Reinventing India’s creative economy in a digital era

COVID-19 has led to a sharp increase in the consumption of creative products and services on one hand, but also exposed the sector’s vulnerability on the other. Improving demographics, better access to ICTs and dynamic shifts to new lifestyles associated with creative products and services, promise a progressive future for India’s creative economy.

  • Creative economy has become a significant transformative force that relies on creative resources with economic, cultural and social aspects that has the potential to facilitate economic growth.
  • India has fared extensively well in the trade of these goods. The country stood at the 8th largest exporter of creative goods globally and third largest among developing countries. Indian creative exports grew from US$ 4,384 million in 2003 to US$ 26,904 million in 2012. In 2014, the country registered an export value US$ 20.2 billion.
  • However, the digital divide and the poor access to stable internet connectivity and skills to utilize digital interventions in the country have been flagged as the major reason for the unprecedented downfall of certain entrepreneurs and enterprises in the creative sector.
  • Electronic commerce is the pathway to a bigger marketplace for several of design products, showcase artisanal craft work and performances. These can help to rekindle India’s traditional skills and empower millions of micro-entrepreneurs and SMEs.
  • Now more than ever, a culture of digital inclusion must be created to foster diversity and empower the creative industry. The COVID-19 pandemic has brought new opportunities for creative industry, turning crafts, films and digital concerts as an outlet with many people flocking in.

Creative Industries_TPCI

Image source: Pixabay

Creative economy has become a significant transformative force that relies on creative resources with economic, cultural and social aspects that has the potential to facilitate economic growth. The idea of creative goods and services in developing economies draws attention to the significant creative assets and rich cultural resources that exist in these countries.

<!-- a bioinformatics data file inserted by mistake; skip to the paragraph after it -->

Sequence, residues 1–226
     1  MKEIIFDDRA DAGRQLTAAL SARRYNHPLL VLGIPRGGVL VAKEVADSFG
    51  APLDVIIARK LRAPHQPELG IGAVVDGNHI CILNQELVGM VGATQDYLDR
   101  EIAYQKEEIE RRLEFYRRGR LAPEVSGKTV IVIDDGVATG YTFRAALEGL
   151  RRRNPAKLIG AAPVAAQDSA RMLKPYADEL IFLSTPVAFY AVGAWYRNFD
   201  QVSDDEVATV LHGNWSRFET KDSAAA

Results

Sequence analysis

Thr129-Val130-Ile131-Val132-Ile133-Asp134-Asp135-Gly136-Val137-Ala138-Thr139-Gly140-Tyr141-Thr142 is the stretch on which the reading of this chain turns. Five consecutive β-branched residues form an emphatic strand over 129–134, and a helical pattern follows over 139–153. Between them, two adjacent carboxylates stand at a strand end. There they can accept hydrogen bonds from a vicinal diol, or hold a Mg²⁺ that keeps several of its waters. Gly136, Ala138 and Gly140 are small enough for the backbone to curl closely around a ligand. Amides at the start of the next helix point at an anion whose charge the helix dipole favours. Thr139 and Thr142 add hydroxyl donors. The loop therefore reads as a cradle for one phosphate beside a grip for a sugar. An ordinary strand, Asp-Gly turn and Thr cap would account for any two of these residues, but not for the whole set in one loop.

These have manifested in the production of advertising, architecture, arts and crafts, design, fashion, film, video, photography, music, performing arts, publishing, research & development, software, computer games, electronic publishing, and TV/radio, among others.

India's Creative exports

Source: UNCOMTRADE & Author’s Calculation, figures in US$ billion

India has fared extensively well in the trade of these goods. The country stood as the 8th largest exporter of creative goods globally and third largest among developing countries. Indian creative exports grew from US$ 4.4 billion in 2003 to US$ 20.7 billion in 2019. Major exporting destinations for India with respect to such creative goods and services include United Arab Emirates, United States, China, Hong Kong, Singapore and major countries of Europe. Studies[1] have indicated a positive trade balance of creative goods with jewelry, fashion accessories and arts & crafts leading exports. The best performing sectors were design, audio-visual and publishing.

Creative exports of India

Source: UN Comtrade; Figures in US$ billion

Interventions in the telecommunications and multimedia industries, in addition to their convergence with technology, evidently have a significant impact on the demand and supply of creative goods and services. These technologies facilitate production, distribution and consumption of creative commodities. Furthermore, it has fostered new forms of artistic and creative expression.

Digitalization, thus, has brought about significant progress in the range of media, through which creative content is delivered to consumers, such as video-on-demand, music podcasting, streaming, computers and the provision of television services via cable, satellite and the Internet. The persistence of the COVID-19 pandemic has further led to exponential growth in creative digital content consumption and production.

However, it has also revealed the sector’s vulnerability. In the Covid-era, the MSMEs in the sector have contracted by around 16% and the impact on the remaining freelance and gig-workforce has been disproportional and far adverse (FICCI, 2019). Individual professionals and artisans have been witnessed to face hand-to-mouth existence surviving on food parcels and state governments micro-grants. Notably, exports dropped sharply by over 35% YoY in 2020 to reach US$ 13.4 billion.